Tuesday, March 2, 2010

Without excuses

The worst part about depression is the retreating...from things I would like to do, from people I would like to see, from tasks that I'd like to accomplish. Over the past several months, I have stopped going to my book group. I have missed my writing group twice. I have been sporadic in my attendance at Tuesday night sangha. I have cancelled my piano lessons. I have been unable to keep my commitment with my writing partner. And I have repeatedly set up dates with friends, only to change plans at the last minute.

Just doing the things I must do has become a chore. Showing up for work takes everything I have each week. And even there, I have had sick days, and days when I arrived late or left early.

On top of the mood issue, I have been feeling physically unwell, dealing with nausea and night sweats. I have been sleeping poorly, waking up numerous times, often from vivid, terrifying nightmares.

Add to all of this new medications with their side effects, and the uncertainty that changes bring, and I have been rendered nearly dysfunctional.

Much of the time, when I sit down at this blog, trying to keep that commitment, it is a huge task to write about anything unrelated to all this chaos. And yet, writing about it makes me feel vulnerable and whiny and self-conscious. Sometimes, like tonight, after a day that was particularly bad, I end up writing about it anyway, because there is just no getting around the elephant in the middle of the living room.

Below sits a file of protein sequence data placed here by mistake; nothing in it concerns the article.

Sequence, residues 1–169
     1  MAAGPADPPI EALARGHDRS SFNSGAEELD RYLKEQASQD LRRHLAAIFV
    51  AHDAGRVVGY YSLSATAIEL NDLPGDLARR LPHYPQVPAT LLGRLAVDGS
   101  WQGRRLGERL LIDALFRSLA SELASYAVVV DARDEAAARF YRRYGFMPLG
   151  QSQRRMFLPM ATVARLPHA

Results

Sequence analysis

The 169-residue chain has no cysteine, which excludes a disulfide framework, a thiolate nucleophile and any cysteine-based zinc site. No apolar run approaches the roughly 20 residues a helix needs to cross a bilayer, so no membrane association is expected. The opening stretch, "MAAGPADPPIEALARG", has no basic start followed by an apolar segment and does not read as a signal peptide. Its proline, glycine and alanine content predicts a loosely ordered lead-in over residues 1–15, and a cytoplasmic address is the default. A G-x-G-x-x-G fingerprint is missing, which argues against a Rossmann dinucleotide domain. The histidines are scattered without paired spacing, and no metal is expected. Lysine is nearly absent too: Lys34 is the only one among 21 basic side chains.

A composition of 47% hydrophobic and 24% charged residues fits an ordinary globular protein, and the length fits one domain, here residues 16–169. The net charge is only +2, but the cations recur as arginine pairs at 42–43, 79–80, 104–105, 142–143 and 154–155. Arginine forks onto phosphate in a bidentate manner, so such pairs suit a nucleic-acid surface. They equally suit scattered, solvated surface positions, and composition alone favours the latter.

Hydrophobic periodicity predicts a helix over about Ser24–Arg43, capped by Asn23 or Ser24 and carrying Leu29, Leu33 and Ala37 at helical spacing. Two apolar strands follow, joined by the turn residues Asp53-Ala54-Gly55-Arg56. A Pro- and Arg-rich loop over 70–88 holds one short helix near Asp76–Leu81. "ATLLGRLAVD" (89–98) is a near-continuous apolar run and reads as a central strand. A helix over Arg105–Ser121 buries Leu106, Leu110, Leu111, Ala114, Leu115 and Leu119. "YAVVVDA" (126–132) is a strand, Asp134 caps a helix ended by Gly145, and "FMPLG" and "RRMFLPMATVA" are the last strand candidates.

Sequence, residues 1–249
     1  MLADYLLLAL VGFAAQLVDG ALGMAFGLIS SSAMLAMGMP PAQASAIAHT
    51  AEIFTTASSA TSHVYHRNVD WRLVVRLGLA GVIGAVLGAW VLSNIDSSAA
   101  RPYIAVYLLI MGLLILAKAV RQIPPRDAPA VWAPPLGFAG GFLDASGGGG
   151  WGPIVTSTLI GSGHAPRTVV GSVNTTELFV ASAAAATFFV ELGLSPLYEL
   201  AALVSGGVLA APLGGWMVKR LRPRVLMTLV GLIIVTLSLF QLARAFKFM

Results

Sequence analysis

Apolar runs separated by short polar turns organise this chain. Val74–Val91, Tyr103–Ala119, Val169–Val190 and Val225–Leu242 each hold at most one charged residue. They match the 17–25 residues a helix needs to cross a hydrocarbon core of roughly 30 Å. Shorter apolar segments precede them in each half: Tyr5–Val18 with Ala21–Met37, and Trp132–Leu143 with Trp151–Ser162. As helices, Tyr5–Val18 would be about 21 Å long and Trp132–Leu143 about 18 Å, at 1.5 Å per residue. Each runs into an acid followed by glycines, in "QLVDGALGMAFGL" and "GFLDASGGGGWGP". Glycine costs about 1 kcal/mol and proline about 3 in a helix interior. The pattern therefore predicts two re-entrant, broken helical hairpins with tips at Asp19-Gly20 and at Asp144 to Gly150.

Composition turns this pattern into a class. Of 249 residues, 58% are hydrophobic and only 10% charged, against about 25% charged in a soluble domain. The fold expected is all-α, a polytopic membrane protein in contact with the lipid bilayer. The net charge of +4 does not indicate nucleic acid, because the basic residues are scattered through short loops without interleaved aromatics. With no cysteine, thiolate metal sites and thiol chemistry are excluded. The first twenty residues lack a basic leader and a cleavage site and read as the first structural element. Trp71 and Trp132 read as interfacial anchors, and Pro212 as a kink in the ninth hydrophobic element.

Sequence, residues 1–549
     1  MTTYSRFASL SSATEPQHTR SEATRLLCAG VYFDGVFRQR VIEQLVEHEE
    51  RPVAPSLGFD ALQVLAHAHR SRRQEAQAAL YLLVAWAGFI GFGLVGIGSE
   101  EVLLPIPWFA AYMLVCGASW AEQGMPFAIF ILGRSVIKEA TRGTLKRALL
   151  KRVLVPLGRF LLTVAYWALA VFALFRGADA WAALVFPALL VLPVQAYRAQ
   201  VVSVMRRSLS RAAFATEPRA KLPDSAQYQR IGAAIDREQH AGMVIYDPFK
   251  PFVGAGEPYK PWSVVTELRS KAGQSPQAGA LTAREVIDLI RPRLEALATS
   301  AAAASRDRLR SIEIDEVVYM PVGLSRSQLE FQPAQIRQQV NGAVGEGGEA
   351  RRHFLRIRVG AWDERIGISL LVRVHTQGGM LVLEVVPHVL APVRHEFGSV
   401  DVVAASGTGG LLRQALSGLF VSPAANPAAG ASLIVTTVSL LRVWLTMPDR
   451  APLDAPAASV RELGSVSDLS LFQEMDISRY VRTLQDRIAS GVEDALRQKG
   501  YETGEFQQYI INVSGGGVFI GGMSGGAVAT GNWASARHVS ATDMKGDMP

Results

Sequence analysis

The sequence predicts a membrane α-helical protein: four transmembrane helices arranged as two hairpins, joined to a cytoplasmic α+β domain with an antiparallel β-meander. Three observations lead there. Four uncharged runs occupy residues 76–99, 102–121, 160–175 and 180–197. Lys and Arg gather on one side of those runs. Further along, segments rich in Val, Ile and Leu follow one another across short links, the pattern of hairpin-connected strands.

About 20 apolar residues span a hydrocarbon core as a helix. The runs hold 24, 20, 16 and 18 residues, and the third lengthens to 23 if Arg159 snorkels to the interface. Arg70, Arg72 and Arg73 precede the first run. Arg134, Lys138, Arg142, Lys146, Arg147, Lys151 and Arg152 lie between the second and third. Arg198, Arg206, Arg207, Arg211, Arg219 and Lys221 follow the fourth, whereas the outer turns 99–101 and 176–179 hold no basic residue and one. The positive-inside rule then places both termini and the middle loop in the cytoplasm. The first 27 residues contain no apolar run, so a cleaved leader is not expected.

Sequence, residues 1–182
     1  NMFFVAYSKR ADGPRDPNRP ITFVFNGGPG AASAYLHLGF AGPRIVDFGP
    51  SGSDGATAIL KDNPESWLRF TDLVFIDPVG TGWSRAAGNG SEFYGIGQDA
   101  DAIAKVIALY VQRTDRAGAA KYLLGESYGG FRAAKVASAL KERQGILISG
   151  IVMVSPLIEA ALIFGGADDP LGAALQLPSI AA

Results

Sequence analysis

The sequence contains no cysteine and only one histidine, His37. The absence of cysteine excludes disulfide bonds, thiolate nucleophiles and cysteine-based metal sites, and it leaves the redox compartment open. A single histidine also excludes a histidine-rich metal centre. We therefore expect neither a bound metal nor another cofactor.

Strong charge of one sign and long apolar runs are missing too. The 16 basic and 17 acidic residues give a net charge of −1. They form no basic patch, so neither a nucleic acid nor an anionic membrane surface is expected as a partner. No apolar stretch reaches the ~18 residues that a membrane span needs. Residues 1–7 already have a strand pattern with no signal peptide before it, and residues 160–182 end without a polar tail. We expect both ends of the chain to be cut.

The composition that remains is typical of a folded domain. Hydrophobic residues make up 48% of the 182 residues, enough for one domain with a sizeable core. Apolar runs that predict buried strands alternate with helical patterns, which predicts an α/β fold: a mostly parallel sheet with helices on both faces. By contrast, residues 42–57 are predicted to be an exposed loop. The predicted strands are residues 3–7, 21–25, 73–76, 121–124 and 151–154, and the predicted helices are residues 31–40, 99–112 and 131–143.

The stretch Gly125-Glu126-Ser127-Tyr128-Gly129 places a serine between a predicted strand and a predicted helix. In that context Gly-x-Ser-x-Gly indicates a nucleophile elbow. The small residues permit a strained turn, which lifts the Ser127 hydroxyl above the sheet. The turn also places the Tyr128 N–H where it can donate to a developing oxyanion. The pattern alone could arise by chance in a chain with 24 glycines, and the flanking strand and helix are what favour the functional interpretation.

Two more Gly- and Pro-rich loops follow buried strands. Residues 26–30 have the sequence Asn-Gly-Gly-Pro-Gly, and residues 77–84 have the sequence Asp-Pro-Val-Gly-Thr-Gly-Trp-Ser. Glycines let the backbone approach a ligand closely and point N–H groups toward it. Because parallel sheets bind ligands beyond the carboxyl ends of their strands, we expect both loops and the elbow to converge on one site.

I think I stress most about the fact that I have to repeatedly say, "I'm not going to be able to make it." Or "Sorry, not this week." It seems okay to make an excuse once, maybe even twice. But when the excuses continue, week after week, I can't help but feel that I am getting on everyone's nerves, wearing them out with my own weariness.

I wish I knew the date that this would end. If I could just say, "Everything's off until March 15 - then I'll be back on board," it would feel manageable. But instead, I wake up every morning not knowing how much longer this will last, this time.

So - forgive me for not showing up. Please pardon my absences. I'll try not to make any more excuses. It just is what it is, apparently, and no amount of determination seems able to change the state I am in - I can only trust that eventually, it will change.


  1. Sorry to hear that your depression has worsened lately. I am grateful for your share and to receive who you are.

  2. Thanks, Jennifer. It's good to be heard...

  3. Michelle,

    We miss you at book group. The discussions aren't the same without you. So, when you are ready, we look forward to having you back.

    Depression is something we have all experienced in one way or another, but seldom talk about. So, in my opinion, your writing about it is a gift.

    BTW, there is an interesting article about the positive things that come from depression. It's by Jonah Lehrer. (He wrote Proust was a Neuroscientist) I can't remember where I saw it, but I think he has a website.